The Philosophy of Art (Google eBook)

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U of Minnesota Press, 1989 - Literary Criticism - 342 pages
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Annotation. A new translation of Schelling's Die Philosophie der Kunst, 1859 with extensive commentary by the translator, Douglas W. Stott. Annotation copyrighted by Book News, Inc., Portland, OR.
  

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Contents

Foreword
ix
Acknowledgments
xxv
Translators Introduction
xxvii
Introduction
3
I General Section of the Philosophy of Art
21
II Specific Section of the Philosophy of Art
105
Appendix
281
Notes
285
Bibliography
327
Index
333
Copyright

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About the author (1989)

The son of a Lutheran pastor, Friedrich Wilhelm Joseph Schelling was born at Leonberg, in southwestern Germany. He entered the theological seminary at Tubingen at the age of 15, where his fellow students included Hegel (see also Vol. 3) and the poet Holderlin (see Vol. 2). While serving as tutor to the sons of a noble family between 1794 and 1798, Schelling began to produce a series of philosophical writings reflecting the radical post-Kantian idealism of Fichte. Schelling, however, was never happy with what he saw as the one-sided subjectivism of Fichte's position; he showed an equal interest in the "philosophy of nature," the speculative attempt to construct the results of the natural sciences from a purely philosophical standpoint. Both sorts of writings brought him early fame, and when Fichte was dismissed from his professorship at Jena in 1799 on grounds of "atheism," Schelling---whose religious views at the time were, if anything, even less orthodox than Fichte's---was named his successor. The culmination of Schelling's philosophy to this point was his System of Transcendental Idealism (1800). But at Jena his philosophy developed into the so-called system of identity: Absolute reality, Schelling argued, must be conceived neither as the I nor as the not-I, neither as subject nor as object, but as an unrepresentable identity that precedes their separation in any possible consciousness. He developed this idea most fully in his philosophical dialogue Bruno (1802). Schelling left Jena in 1803 after an affair with Caroline Schlegel, wife of August Schlegel (see Vol. 2), who divorced her husband and went with Schelling to a new life at the University of Wurzburg. Schelling later held professorships at Munich and Erlangen, before finally being named Hegel's (see also Vol. 3) successor at Berlin in 1841. Schelling had broken with Hegel as early as 1807, and he had watched in dismay as Hegel's system had come to be accepted as the definitive version of German idealist philosophy. Over the years Schelling's views, both religious and political, had also become much more conservative. For this reason the new Prussian king, Friedrich Wilhelm IV, upheld Schelling's philosophy in order to counteract the powerful influence still exerted by Hegel's (though the latter had died 10 years previously). Schelling lectured at Berlin until his retirement 5 years later. Together with Fichte and Hegel, Schelling is one of the major German idealist philosophers. Along with his development of Fichte's idea of a system of transcendental idealism and Hegel's conceptions of a dialectic of thought and a history of culture, Schelling's unique philosophical achievements lie in his idea of a speculative philosophy of nature and his conception of art as yielding the highest kind of philosophical insight. Where Hegel defended the primacy of reason and conceptual thinking in opposition to the romantics, Schelling inspired philosophical romanticism through his theories of art and his emphasis on religious experiences and conceptions.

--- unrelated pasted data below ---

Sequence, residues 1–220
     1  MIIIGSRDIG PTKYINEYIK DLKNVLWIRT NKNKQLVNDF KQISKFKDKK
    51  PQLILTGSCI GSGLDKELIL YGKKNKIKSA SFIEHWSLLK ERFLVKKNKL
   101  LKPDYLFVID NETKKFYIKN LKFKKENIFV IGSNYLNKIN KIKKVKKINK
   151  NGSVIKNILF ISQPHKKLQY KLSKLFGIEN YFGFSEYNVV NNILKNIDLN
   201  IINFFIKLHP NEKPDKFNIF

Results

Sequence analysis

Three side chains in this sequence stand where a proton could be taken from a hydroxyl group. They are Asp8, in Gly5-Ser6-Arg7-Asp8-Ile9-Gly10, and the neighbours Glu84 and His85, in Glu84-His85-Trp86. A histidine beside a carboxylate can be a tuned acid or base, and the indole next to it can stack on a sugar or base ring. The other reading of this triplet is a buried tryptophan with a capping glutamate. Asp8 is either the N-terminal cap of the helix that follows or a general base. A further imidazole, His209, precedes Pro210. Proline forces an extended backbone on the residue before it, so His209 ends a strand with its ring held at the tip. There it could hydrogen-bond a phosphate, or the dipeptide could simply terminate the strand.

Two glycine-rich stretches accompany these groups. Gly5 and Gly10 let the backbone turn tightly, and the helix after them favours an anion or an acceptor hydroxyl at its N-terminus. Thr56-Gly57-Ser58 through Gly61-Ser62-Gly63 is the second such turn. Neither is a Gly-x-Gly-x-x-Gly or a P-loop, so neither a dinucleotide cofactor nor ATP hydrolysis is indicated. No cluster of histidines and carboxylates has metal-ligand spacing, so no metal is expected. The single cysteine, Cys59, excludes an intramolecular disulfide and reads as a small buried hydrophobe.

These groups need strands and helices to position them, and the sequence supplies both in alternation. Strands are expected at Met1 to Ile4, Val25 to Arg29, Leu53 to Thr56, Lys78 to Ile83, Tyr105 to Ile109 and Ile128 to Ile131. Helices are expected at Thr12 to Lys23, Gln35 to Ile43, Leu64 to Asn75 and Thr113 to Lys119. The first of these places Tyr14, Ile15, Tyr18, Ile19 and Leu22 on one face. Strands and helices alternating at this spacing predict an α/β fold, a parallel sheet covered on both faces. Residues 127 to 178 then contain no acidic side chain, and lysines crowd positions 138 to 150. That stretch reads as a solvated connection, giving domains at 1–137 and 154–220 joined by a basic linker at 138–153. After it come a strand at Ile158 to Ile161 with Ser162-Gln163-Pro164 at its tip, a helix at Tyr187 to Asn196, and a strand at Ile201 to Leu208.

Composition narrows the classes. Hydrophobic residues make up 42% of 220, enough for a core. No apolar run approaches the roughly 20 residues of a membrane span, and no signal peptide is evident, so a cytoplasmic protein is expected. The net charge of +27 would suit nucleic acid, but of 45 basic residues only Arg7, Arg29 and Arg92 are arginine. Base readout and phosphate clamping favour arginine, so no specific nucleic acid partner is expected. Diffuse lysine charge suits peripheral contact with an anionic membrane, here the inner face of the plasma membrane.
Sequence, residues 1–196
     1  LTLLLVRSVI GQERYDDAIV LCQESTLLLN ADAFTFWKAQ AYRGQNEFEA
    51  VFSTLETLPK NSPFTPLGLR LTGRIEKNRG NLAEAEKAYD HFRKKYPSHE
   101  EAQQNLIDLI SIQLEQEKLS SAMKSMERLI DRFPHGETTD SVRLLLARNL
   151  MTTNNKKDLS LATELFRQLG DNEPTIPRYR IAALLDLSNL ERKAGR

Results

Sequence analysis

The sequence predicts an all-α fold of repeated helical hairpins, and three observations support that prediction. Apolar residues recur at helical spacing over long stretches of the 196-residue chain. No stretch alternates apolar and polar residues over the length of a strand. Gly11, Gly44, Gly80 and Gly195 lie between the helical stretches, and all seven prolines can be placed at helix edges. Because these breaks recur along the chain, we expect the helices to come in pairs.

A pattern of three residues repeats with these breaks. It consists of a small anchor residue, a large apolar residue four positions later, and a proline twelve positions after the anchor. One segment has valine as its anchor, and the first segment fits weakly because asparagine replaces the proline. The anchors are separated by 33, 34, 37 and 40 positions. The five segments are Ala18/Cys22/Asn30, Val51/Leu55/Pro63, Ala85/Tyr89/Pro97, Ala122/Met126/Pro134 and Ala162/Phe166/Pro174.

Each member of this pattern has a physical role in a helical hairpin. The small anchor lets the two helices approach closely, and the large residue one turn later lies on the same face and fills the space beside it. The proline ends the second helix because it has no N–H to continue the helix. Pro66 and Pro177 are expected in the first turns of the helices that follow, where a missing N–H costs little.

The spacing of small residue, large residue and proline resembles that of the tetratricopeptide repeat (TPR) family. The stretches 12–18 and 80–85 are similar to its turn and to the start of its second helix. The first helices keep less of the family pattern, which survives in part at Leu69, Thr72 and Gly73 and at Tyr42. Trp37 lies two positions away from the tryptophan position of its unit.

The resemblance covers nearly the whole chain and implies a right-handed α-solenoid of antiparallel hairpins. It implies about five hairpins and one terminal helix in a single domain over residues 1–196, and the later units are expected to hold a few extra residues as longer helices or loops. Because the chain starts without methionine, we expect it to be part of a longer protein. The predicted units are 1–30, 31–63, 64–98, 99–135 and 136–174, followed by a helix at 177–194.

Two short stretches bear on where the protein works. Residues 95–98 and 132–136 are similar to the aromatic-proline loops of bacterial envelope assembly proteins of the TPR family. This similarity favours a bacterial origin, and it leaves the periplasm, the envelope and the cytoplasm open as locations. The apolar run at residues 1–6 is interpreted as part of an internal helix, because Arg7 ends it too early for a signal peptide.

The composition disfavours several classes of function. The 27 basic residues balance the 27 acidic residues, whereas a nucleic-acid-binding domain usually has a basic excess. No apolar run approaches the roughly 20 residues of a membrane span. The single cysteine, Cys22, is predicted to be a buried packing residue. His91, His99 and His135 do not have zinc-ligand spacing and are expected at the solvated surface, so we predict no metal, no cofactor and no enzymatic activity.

Has translated numerous works in biblical studies and theology. He lives in Atlanta, Georgia.

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